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Zinn Education Project News
Rethinking Presidents' Day
Missing from Presidents' Day: The People They Enslaved
By Clarence Lusane
Schools across the country are adorned with posters of the 44 U.S. presidents and the years they served in office. U.S. history textbooks describe the accomplishments and challenges of the major presidential administrations. Nowhere in all this information is there any mention of the fact that more than one in four U.S. presidents were involved in human trafficking and slavery. These presidents bought, sold, and bred enslaved people for profit. Of the 12 presidents who were enslavers, more than half kept people in bondage at the White House. Continue reading.
Time to Tell the Truth About Slavery  
By Sudie Hofmann
At the time of George Washington's death, the Washingtons enslaved 318 people of African descent at Mount Vernon, according to the Mount Vernon Ladies' Association. But you would not know it from the main tour, nor from the brochure. In fact, most visitors, including schoolchildren, can spend hours admiring the Mount Vernon mansion, fine furniture, and manicured lawns without considering that it was all paid for with forced labor. Continue reading

Rethinkin' Lincoln and the
Emancipation Proclamation

By Bill Bigelow
Here's a history quiz to use with people you run into today: Ask them who ended slavery. I taught high school U.S. history for almost 30 years, and as we began our study, students knew the obvious answer: Abraham Lincoln. But by the time our study ended, several weeks later, their "Who ended slavery?" essays were more diverse, more complex----and more accurate. Teachers' jobs will be made harder by the film Lincoln, in which Daniel Day-Lewis gives a brilliant performance as Lincoln-the-abolitionist. The only problem is that Lincoln was not an abolitionist. Continue reading.
Under Pressure, Scholastic Recalls Racist Children's Book
By Deborah Menkart
A firestorm erupted when Scholastic released a children's book early this month, A Birthday Cake for George Washington, featuring smiling slaves baking a cake for George Washington. The back cover portrayed George Washington and his enslaved chef, Hercules, arm-in-arm, like best buddies. The image convinced many that this was an Onion parody and not an actual children's book published in 2016. Continue reading.
Constitution Role Play: Whose 'More Perfect Union'? and The Constitutional Convention: Who Really Won?
Teaching Activity. By Bill Bigelow. A role play on the issues involved with the framing of the Constitution. Read more.
Andrew Jackson and the "Children of the Forest"
Teaching Activity. By Bill Bigelow. A lesson in which students develop critical literacy skills by responding to Andrew Jackson's speech on "Indian Removal." Read more.
Black History Month

Carter G. Woodson Launches
Negro History Week
Article. By Daryl Michael Scott.
"It is commonly said that Woodson selected February to encompass the birthdays of two Americans who played a role in shaping Black history, namely Abraham Lincoln and Frederick Douglass, whose birthdays are the 12th and the 14th, respectively. Woodson built Negro History Week around traditional days of commemorating the Black past." Continue reading.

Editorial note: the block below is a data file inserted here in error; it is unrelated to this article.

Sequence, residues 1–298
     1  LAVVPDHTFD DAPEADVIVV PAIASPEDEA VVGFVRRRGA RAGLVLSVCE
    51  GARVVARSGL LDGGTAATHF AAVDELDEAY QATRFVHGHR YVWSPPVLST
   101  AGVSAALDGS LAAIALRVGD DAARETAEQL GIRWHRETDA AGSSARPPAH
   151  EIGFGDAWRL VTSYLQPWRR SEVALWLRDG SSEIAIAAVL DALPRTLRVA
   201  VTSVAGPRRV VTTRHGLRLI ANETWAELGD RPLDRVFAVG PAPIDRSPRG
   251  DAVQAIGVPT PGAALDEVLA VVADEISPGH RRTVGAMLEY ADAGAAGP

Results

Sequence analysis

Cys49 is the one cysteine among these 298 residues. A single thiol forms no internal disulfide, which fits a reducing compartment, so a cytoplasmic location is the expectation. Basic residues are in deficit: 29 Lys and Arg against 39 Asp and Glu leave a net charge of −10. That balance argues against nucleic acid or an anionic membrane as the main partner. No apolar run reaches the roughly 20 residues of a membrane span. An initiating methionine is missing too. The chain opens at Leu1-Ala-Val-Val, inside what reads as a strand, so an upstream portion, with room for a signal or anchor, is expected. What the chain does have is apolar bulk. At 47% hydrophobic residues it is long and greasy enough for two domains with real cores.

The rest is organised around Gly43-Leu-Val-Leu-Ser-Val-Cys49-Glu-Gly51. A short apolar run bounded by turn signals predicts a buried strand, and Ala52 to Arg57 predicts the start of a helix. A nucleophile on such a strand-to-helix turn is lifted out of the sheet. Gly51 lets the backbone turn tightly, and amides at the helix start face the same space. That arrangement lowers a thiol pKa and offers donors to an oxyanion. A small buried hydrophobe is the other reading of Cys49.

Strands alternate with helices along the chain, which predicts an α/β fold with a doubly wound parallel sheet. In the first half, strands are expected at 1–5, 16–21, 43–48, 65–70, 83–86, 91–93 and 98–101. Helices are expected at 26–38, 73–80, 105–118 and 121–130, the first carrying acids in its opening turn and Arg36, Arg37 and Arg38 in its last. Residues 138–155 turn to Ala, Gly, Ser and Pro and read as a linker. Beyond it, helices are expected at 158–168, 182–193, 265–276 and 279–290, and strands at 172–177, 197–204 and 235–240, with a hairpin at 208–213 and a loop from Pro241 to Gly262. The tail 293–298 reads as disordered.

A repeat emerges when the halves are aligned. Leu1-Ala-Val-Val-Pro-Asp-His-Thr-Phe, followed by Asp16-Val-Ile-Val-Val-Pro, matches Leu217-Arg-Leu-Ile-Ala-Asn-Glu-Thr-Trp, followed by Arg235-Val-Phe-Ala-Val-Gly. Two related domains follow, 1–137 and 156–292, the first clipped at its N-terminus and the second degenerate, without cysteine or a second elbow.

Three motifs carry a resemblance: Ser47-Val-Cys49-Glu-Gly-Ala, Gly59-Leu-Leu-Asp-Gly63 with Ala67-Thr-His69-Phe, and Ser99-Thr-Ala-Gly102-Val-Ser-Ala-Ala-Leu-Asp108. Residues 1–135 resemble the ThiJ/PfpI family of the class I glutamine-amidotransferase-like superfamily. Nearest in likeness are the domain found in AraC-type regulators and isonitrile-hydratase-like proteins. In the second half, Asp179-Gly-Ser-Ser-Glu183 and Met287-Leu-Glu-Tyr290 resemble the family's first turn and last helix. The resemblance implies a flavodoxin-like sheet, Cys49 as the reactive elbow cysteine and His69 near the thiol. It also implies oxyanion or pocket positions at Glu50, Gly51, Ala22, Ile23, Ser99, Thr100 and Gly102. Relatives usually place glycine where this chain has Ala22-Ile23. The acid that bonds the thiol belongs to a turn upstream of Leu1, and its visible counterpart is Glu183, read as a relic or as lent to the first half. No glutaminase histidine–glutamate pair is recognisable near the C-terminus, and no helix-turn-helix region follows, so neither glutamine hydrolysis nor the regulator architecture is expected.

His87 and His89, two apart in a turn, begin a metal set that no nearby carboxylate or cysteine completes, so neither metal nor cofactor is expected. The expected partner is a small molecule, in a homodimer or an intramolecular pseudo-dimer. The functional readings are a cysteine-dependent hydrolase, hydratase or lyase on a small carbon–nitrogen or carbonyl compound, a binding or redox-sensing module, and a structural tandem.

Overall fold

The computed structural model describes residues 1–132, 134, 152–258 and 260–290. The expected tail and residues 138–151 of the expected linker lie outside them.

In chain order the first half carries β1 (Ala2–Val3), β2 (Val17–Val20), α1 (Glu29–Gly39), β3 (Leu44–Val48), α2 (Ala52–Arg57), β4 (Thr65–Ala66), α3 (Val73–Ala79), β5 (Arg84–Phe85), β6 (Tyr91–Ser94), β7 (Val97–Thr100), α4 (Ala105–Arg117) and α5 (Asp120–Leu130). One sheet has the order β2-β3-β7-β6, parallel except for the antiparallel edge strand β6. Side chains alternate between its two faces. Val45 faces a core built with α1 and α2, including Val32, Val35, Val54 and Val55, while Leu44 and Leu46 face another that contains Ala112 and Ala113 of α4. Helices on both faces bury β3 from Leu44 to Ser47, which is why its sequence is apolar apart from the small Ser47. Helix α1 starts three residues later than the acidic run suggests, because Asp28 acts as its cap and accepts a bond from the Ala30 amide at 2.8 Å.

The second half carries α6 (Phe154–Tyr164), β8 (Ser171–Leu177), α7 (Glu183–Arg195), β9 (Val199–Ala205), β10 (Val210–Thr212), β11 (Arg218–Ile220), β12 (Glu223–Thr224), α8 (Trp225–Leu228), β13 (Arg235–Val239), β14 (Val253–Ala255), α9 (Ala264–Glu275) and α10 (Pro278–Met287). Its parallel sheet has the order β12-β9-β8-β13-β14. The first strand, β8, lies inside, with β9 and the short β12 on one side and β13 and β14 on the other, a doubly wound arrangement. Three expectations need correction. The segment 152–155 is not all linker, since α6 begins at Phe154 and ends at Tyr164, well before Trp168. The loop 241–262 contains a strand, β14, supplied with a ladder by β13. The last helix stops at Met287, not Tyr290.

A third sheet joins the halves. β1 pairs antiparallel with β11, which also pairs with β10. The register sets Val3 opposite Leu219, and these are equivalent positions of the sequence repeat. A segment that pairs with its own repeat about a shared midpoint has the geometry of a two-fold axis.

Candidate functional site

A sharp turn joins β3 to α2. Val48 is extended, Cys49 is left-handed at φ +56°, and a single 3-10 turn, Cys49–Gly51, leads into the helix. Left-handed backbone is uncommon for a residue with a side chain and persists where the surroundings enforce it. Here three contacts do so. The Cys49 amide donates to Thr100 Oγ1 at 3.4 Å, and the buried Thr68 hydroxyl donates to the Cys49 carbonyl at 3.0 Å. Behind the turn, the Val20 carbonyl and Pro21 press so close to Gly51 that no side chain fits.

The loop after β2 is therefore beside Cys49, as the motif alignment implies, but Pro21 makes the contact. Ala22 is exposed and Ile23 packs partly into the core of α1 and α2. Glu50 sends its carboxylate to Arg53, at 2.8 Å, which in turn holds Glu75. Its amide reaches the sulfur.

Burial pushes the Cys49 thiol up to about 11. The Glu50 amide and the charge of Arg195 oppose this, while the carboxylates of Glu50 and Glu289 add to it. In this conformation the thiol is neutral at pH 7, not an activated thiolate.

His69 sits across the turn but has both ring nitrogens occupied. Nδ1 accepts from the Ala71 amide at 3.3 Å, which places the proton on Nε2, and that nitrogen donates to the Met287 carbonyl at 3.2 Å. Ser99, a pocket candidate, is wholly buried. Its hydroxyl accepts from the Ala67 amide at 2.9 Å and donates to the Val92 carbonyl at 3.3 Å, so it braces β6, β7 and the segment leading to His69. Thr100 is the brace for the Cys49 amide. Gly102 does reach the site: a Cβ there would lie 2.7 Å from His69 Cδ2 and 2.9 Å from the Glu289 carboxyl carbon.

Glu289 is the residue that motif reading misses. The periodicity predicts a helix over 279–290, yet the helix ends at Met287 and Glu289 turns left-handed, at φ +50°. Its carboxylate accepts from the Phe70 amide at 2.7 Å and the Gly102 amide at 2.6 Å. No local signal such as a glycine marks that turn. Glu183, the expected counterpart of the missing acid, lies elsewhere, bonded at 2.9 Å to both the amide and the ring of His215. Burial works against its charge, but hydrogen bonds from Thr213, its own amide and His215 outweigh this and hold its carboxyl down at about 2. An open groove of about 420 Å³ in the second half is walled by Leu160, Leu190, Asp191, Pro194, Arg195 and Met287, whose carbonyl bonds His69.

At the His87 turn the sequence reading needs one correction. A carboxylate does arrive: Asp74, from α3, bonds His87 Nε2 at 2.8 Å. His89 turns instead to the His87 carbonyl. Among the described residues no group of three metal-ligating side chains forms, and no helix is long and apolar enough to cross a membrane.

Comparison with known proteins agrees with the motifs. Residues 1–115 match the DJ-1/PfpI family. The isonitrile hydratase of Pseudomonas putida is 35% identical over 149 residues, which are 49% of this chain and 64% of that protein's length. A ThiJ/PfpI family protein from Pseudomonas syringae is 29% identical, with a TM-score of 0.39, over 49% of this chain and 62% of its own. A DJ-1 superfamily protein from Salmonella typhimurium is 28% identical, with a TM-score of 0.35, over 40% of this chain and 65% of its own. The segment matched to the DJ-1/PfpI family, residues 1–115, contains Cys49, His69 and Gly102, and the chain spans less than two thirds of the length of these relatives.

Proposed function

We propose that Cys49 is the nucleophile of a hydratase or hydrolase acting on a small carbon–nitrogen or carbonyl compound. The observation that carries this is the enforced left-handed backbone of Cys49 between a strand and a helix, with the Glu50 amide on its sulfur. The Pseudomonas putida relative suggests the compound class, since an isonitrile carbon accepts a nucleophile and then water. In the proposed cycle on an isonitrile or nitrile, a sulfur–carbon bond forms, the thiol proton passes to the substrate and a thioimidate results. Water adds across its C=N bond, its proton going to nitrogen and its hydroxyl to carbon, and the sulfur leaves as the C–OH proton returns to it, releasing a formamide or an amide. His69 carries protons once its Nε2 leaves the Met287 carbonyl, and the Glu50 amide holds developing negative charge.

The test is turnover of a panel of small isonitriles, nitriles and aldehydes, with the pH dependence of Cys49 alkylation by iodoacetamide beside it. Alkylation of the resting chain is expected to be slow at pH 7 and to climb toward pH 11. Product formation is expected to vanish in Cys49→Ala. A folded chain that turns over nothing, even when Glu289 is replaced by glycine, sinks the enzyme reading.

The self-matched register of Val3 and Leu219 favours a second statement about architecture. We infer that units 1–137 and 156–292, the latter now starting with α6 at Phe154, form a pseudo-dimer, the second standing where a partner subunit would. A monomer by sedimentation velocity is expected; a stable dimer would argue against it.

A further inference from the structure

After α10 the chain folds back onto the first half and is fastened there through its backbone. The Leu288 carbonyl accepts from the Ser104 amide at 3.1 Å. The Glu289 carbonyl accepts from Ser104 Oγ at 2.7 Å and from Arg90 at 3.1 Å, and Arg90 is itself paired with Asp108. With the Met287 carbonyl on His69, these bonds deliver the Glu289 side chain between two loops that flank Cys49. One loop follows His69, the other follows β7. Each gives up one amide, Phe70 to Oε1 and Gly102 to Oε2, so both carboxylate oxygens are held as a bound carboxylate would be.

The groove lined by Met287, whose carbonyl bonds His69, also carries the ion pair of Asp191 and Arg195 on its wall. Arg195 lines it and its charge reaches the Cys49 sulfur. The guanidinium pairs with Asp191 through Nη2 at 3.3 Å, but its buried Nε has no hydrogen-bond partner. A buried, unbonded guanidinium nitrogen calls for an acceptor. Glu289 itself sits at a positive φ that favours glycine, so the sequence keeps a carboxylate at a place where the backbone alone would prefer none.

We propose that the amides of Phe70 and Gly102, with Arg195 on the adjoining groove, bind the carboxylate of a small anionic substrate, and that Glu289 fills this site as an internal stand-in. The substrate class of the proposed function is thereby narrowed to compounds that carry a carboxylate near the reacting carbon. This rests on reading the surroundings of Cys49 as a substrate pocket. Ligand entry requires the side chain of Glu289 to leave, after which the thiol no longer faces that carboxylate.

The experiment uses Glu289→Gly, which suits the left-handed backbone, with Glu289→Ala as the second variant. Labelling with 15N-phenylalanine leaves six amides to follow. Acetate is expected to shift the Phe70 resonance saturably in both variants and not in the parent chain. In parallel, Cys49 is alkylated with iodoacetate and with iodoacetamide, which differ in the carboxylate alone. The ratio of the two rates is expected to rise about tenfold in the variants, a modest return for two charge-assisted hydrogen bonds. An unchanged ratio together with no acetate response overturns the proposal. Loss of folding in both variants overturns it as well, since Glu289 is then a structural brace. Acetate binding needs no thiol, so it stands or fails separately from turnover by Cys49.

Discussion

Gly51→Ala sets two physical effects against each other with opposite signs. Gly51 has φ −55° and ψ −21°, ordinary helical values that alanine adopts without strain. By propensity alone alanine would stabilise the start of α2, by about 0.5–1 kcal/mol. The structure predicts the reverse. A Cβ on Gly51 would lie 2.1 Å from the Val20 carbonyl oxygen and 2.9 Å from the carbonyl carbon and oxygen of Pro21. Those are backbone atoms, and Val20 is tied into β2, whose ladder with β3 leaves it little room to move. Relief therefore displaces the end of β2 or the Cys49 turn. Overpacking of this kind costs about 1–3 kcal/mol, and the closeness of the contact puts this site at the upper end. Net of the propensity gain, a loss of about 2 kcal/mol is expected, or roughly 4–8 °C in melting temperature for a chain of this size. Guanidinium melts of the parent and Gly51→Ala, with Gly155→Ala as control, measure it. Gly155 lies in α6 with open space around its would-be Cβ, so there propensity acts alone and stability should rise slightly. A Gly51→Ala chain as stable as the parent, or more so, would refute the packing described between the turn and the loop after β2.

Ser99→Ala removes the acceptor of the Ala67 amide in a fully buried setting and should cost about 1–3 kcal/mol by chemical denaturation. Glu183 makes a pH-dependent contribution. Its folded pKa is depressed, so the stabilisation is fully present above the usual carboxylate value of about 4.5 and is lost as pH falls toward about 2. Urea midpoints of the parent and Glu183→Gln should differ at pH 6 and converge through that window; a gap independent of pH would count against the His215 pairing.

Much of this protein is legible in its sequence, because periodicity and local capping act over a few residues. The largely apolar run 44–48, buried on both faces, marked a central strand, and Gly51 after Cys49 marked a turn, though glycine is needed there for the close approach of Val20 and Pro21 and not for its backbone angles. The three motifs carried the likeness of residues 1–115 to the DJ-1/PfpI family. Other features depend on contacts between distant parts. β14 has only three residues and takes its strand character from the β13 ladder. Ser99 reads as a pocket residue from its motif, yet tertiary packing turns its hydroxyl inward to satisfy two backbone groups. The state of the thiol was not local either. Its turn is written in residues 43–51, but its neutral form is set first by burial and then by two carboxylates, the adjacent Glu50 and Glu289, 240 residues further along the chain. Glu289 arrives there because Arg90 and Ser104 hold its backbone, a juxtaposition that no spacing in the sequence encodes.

Stripmining Black History Month
Article. By Jeff Biggers.
"As schools, communities and politicians across the country celebrate Black History Month, they will be remiss if their lessons don't include the coal fields of Fayette County, West Virginia. There, in the 1890s, a teenage Carter Woodson would gather with other Black coal miners, read the newspaper, and listen to their extraordinary stories of life underground, and their struggles during the Civil War and Reconstruction era."
Continue reading.

Black Abolitionists
Profile. By Zinn Education Project. 
Textbooks and state curricula devote little attention to the abolition movement, let alone to Black abolitionists. To counter the invisibility of Black abolitionists who were central to the abolition movement and the ending of slavery, we feature two dozen Black abolitionists.
'What We Want, What We Believe': Teaching with the Black Panthers'
Ten Point Program
Teaching Activity. By Wayne Au.
The author describes how he used a study of the Black Panther's Ten Point Program to help students assess issues in their own communities and to develop Ten Point Programs of their own. Available in Spanish. Continue reading.
Tremendous Growth in 2015
Thanks to your support, in 2015 the Zinn Education Project grew by:
  11,000 registered
93,000 Facebook fans
and reached millions more students.
Upcoming Conferences

Meet the Zinn Education Project at Upcoming Conferences
Mar. 19, 2016 |New York
Workshops by Zinn Education Project staff Deborah Menkart and Adam Sanchez

Apr. 8-10 | Washington, D.C.
American Educational
Research Association (AERA)
Visit the Rethinking Schools Booth

Propose a Workshop 
Deadline Feb. 16
We encourage you to apply to present at the National Council for the Social Studies conference (NCSS) being held this December in Washington, D.C. Each year the Zinn Education Project has a booth at the conference. We would like to see more people's history workshops in the program. We recommend that you apply for the one-hour sessions, with a hands-on, participatory workshop. Application Form

Zinn Education Project
The goal of the Zinn Education Project is to introduce students to a more accurate, complex, and engaging understanding of United States history.
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